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Rangell, L. (1995). Psychoanalytic Realities And The Analytic Goal. Int. J. Psycho-Anal., 76:15-18.

(1995). International Journal of Psycho-Analysis, 76:15-18

Psychoanalytic Realities And The Analytic Goal

Leo Rangell

One-hundred years ago, almost to the year, Sigmund Freud discovered a new continent. As was the new land continent discovered by another European explorer 400 years previously, it was real—in spite of its central feature being that the self which harbours it does not wish to know of its existence or contents. Hence, it could not be more appropriate that the subject of psychic reality has been chosen as the theme for this Congress by the first President of the International Psychoanalytical Association to come from the southern half of this new expanded world.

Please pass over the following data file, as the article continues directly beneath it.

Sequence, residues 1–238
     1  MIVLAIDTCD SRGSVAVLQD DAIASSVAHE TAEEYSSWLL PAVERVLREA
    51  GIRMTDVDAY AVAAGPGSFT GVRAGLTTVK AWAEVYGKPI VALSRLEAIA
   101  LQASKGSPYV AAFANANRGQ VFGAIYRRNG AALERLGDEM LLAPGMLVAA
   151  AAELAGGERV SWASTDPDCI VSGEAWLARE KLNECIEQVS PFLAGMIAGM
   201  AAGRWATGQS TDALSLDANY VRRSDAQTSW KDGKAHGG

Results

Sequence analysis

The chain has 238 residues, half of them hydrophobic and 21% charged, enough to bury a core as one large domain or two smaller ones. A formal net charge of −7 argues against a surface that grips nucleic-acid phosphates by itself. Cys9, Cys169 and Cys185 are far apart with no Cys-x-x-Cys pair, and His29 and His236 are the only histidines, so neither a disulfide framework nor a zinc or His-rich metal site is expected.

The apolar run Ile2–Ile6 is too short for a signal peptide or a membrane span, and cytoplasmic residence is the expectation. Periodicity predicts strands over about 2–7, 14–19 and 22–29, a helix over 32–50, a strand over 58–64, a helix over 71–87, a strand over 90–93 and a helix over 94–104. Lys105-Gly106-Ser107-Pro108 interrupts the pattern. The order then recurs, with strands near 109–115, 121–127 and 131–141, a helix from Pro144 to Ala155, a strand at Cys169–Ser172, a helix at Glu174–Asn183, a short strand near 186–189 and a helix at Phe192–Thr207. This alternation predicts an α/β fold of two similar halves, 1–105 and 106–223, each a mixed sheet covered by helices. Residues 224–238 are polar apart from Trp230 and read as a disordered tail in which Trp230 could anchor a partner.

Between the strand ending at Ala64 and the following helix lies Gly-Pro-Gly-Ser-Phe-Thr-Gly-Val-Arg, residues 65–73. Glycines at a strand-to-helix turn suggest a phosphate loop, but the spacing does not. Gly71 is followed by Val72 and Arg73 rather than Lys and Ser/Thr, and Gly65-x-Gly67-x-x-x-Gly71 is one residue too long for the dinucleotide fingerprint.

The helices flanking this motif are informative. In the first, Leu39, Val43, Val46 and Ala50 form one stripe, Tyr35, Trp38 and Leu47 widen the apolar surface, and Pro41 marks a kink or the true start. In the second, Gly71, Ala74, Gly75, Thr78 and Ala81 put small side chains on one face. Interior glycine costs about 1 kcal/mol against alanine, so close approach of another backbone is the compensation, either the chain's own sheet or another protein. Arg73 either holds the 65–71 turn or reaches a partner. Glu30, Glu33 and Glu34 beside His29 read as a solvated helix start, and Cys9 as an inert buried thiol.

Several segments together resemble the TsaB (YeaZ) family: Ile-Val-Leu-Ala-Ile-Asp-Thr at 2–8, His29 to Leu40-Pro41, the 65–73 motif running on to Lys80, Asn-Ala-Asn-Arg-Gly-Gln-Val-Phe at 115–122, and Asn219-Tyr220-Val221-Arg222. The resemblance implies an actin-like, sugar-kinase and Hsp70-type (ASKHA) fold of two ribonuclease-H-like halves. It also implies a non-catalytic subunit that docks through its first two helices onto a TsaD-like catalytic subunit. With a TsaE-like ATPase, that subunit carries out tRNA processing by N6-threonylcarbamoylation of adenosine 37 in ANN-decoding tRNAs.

When Freud (1897, see Freud, 1887-1902) moved from seduction to fantasy, from the concrete to the psychological as an explanatory concept, a split was allowed to develop on the basis of a fallacy, which, to this day, seems never to have been corrected. It is difficult to say which group represents the larger number today: those who believe seduction has been betrayed (Freud's moral motives are even impugned to account for the shift), or those who hold that external experiences are false, unimportant or diversionary. To make one advance is to discard another. I will focus on a central theme, for the cumulative accretion of knowledge and understanding, while guarding against the simultaneous loss of these in the process. The fact is that Freud discovered two streams of aetiology sequentially; the fused outcome can only be explained by both together. The discovery of a new reality did not exclude or diminish the reality previously known.

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